Live So That The Speaker At Your Funeral Won't Have To Lie.

#1
Please add your interesting, sweet, funny, weird, end-of-life stuff here. Can be tomb stone quotations, epitaphs, something said or done while dying, etc.

This is usually such a sad subject, but for the believer, it's a step from this life into the arms of G-d. It's okay to smile -- even to laugh!

Let's let this be all species.
 
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#2
There are actually two ways to G-d. Seriously -- two ways. My favored one is through our Messiah. The other one will also get you to G-d, but it...uh...won't be...uh...a happy meeting....
 
#8
Please add your interesting, sweet, funny, weird, end-of-life stuff here. Can be tomb stone quotations, epitaphs, something said or done while dying, etc.

This is usually such a sad subject, but for the believer, it's a step from this life into the arms of G-d. It's okay to smile -- even to laugh!

Let's let this be all species.
I'm going to be cremated and shot off in fireworks over the Atlantic ocean, which is the water off the coast of my birth state. No gravestone, as my parents had installed at the cemetery where they rest.
And while the fireworks go off those who knew me, because my family are all dead now, will gather on a houseboat and celebrate the woman they once knew.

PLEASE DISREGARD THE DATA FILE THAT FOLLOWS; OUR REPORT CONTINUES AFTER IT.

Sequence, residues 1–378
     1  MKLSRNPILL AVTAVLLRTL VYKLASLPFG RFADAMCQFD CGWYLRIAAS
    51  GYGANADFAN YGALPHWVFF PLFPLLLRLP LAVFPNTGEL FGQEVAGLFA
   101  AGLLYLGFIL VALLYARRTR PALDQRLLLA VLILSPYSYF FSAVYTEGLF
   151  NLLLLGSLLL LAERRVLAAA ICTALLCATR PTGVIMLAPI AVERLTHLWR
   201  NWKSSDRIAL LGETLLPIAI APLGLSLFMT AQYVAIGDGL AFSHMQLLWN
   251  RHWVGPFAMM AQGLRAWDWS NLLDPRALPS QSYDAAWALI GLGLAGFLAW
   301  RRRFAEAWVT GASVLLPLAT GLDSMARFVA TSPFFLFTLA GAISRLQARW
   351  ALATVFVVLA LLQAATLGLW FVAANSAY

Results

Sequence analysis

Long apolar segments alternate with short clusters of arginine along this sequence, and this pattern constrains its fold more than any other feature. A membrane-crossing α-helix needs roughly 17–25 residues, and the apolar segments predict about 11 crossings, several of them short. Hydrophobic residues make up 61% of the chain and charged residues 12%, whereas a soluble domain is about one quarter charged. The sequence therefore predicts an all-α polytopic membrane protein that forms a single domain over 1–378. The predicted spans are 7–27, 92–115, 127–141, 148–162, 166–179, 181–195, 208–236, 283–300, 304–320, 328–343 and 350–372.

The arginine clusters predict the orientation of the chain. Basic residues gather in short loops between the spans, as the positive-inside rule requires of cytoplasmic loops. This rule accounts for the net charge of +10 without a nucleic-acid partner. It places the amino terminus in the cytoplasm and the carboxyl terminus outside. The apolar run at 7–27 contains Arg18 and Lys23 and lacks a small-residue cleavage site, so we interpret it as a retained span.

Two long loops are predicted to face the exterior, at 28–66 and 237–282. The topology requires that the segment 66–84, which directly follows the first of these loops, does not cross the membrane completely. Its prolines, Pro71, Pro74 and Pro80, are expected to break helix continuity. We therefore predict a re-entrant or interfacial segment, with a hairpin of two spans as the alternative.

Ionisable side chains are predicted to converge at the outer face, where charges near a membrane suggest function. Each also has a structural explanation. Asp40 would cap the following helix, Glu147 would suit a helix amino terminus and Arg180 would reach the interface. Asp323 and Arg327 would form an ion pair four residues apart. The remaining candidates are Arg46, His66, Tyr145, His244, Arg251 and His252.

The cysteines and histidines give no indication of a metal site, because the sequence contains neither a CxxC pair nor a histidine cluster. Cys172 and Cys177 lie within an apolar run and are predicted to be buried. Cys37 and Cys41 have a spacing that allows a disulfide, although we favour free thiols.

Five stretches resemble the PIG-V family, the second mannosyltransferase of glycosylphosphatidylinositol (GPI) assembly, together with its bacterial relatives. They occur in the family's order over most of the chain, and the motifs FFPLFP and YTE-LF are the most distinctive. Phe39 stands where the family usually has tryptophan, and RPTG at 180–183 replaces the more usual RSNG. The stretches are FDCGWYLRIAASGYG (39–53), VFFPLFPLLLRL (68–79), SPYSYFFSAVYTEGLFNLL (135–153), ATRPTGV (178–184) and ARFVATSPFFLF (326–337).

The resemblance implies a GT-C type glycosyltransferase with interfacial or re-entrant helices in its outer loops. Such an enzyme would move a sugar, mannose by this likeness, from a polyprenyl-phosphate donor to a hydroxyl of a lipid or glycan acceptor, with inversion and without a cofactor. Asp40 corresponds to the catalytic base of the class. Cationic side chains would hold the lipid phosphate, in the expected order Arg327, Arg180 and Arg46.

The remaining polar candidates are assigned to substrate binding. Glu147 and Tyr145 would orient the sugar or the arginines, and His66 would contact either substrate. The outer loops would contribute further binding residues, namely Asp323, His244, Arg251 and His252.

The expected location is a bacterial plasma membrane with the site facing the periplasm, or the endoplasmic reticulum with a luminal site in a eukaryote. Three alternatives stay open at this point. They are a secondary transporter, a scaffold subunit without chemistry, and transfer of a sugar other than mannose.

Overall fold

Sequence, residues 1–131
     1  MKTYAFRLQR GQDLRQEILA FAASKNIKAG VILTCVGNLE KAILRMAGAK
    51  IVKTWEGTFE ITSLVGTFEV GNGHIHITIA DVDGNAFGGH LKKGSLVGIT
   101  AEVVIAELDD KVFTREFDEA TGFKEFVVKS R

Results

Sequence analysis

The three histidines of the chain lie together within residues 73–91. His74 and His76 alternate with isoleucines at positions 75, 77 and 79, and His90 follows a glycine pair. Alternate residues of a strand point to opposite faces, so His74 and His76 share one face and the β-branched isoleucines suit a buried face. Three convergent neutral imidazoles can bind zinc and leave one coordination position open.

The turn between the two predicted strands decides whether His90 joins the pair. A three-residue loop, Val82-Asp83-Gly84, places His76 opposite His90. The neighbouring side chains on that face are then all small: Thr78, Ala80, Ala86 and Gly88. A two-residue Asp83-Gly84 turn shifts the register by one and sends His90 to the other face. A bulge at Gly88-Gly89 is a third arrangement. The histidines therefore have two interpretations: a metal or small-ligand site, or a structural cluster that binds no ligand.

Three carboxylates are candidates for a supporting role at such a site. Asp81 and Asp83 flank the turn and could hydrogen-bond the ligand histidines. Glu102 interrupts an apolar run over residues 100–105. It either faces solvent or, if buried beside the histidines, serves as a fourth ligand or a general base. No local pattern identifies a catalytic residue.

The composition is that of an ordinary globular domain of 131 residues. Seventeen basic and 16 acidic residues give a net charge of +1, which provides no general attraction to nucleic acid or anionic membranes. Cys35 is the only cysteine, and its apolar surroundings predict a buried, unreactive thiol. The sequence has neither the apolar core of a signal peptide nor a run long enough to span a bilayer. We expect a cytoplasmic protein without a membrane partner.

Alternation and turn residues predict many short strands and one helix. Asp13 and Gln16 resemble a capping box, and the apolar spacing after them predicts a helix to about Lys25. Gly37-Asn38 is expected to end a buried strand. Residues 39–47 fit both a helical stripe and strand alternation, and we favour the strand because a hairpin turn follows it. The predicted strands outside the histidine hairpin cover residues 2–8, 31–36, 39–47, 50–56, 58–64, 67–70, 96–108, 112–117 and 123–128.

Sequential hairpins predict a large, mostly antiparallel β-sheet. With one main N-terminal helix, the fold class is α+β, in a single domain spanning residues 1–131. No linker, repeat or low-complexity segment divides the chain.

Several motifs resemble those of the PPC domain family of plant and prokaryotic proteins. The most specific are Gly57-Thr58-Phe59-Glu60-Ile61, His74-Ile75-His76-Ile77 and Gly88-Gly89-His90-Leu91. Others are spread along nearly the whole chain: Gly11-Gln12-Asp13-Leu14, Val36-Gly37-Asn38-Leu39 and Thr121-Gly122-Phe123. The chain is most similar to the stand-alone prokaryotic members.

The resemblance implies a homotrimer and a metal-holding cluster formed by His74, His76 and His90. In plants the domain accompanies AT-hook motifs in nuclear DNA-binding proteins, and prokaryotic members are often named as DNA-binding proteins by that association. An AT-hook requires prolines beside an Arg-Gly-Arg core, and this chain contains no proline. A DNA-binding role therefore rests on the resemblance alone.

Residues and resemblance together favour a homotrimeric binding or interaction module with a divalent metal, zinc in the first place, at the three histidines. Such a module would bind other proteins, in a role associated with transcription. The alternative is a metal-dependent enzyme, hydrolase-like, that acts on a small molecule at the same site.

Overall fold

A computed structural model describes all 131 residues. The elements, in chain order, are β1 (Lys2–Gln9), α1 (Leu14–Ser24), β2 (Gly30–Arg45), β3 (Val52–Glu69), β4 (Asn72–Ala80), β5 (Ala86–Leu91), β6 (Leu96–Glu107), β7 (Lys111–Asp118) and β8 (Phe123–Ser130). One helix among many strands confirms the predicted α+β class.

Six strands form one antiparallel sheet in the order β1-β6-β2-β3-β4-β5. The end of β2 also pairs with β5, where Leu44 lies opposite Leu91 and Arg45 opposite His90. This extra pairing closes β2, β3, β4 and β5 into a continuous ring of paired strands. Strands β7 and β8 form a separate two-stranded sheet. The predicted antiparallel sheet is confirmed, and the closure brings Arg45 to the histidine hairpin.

No tears,just music, good food, and good drink.

I'm thinking of having a little sign installed on a mini-easel on the buffet table that reads something in keeping with the firework show: _________________<my name, said, eat and be merry.And look up! Because __________ is going out with a bang since just before that she made a real ash of herself.

:p
 
#9
When my first husband was killed, it was real important to me, of course, that he didn't suffer. I asked the coroner, and after examining the records, he said that his and the pilot's deaths were so sudden that neither of them did. Without going into detail, at the funeral, I wanted to get away from the crowd and just spend a few moments with him. The man who was guarding his body asked me if I wanted to see him, but I firmly said no. He and I had discussed this, and he told me that he didn't want people walking by, looking at him, so we had a closed-casket service. But the man said, "Please look, ma'am. He looks like he's smiling." I firmly declined again, out of respect for his wishes.

Don't do this. We were young and wrong. Full closure for such a loss needs to see the body.
 
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#10
A widow wrote this epitaph in a Vermont cemetery:

Sacred to the memory of
my husband John Barnes
who died January 3, 1803
His comely young widow, aged 23, has
many qualifications of a good wife, and
yearns to be comforted.